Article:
Weekly Cycle

Sunday, May 27, 2018

Week 32 (Book 2): Nahum and Light that Comes from Darkness

HAAZINU: For their vine is of the vine of Sodom, and of the field of Gemorrah; their grapes are grapes of rosh, and they have bitter clusters. (Deuteronomy 32:32)

Positive light: Because the wine [Torah wisdom] that the Jewish people obtained was from enduring the suffering/fermentation of Sodom, and the fields (concentration camps) of Gemorrah. Their humility comes from great suffering and bitterness. (II Samuel 22:32)

HAFTORAH: 32. For who is G-d, save the Lord? And who is a rock, save our G-d?




Week Thirty-Two is the second week of Iyar. Haazinu’s verse discusses how the actions of the Jewish people paralleled those of Sodom and Gemorrah and how they were therefore deserving of great punishment. However, the verse could just as easily be read as to be referring to the enemies of the Jewish people, following the verse immediately prior to this one.

Similarly, a possible reading is to understand the verse to be referring to the victory the Jewish people obtained, which came from enduring the suffering/fermentation of Sodom, and the fields (concentration camps) of Gemorrah. Their strength comes from the great suffering and bitterness they encountered. Rashi mentions that the second part of the verse (as well as the next verse) are related to the suffering the Jews endured.

The Haftorah focuses on the positive note, mentioned in Haazinu’s previous verse. The verse speaks of how Hashem is in the only G-d, and that he is the only Tzur (Rock). As mentioned in Book 1, this week is deeply connected to the previous one, the week of Yom Ha’Atzma’ut, as well as the one before that, the week of Yom HaShoah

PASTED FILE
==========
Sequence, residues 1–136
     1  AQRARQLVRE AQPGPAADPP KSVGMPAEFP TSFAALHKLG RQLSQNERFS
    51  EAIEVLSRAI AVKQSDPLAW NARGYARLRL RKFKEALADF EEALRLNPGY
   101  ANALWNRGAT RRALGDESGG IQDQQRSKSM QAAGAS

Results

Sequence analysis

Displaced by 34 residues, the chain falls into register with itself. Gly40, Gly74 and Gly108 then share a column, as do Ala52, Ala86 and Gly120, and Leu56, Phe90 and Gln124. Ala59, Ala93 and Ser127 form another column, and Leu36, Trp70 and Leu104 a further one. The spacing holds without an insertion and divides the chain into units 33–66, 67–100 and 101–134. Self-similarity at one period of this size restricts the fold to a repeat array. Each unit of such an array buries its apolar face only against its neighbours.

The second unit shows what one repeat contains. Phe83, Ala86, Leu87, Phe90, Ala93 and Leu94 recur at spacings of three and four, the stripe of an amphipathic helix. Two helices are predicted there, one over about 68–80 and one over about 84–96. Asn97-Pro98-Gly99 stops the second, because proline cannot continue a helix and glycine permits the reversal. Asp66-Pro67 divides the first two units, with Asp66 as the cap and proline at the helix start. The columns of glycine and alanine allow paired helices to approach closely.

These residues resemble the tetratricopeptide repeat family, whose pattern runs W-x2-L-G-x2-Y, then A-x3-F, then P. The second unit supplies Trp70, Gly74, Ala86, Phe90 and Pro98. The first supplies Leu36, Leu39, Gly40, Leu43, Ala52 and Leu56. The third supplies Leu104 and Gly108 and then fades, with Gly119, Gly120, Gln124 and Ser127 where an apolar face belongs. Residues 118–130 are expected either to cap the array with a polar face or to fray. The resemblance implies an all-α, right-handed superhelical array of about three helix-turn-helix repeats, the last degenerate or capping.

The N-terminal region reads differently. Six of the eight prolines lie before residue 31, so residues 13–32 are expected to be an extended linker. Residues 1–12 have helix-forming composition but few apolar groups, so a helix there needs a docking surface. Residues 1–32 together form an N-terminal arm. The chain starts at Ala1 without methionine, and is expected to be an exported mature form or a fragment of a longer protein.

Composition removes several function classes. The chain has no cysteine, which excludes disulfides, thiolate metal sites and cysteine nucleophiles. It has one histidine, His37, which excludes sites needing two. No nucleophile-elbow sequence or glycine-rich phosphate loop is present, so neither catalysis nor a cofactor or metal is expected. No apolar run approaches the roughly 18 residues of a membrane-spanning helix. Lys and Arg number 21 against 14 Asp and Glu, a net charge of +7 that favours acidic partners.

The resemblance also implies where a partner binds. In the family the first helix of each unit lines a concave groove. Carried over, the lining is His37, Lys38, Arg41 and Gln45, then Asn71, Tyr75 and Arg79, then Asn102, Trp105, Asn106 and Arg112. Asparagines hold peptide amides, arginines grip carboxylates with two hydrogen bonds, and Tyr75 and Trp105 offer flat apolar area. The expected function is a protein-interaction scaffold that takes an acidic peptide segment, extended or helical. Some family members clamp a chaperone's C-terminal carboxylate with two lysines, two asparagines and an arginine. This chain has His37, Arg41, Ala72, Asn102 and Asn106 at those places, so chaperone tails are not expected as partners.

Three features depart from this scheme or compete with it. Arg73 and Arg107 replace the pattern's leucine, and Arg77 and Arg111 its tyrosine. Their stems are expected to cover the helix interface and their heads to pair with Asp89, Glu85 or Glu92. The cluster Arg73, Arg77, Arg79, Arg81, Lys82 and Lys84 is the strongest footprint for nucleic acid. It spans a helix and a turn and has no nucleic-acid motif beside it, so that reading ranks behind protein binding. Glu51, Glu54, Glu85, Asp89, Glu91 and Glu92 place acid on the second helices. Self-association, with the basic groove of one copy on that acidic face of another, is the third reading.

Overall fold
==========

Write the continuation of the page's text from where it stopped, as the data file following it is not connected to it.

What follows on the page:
The quality for this week is again one of the the characteristics of someone who studies Torah for its own sake, to love G-d (ohev et HaMakom). Why is this word for G-d chosen here? Perhaps it is exactly because this week is connected to the Land of Israel, and it is in this place that we experience G-d in the fullest possible way, just as Yaakov experienced G-d at Beit-El.[1]

This week’s prophet is Nahum. Nahum’s message is also very much about how after great suffering, G-d has redeemed the Jewish people and the Land. We therefore show G-d appreciation, and love:

1. Behold on the mountains the feet of a herald announcing peace. O Judah, keep your feasts, pay your vows-for the wicked one shall no longer continue to pass through you; he has been completely cut off.

2. The scatterer who came up before you is besieged by a siege. Watch the way! Strengthen your loins! Fortify your power mightily.

3. For the Lord has restored the pride of Jacob as the pride of Israel, for the emptiers have emptied them out and destroyed their branches. (Chapter 2)

The levitical city for this week is Dobrath, which means the gathering a flock together.[2] This is a perfect description for the week that celebrates the gathering of the flock of the People of Israel back to its Land. What makes it even more appropriate is that Dobrath is the name of a well known kibbutz established in 1946, in the face of much struggle and Arab opposition.

[1] Makom also expresses a certain experiential communion with G-d, as explained by Rabbi Joseph Soloveitchik. http://www.midreshetmoriah.com/torah/view.asp?id=682

[2] The explanation of the meaning of Dobrath is taken from the kibbutz’s own website: http://www.dovrat.org/Site/pages/inPage.asp?catID=6

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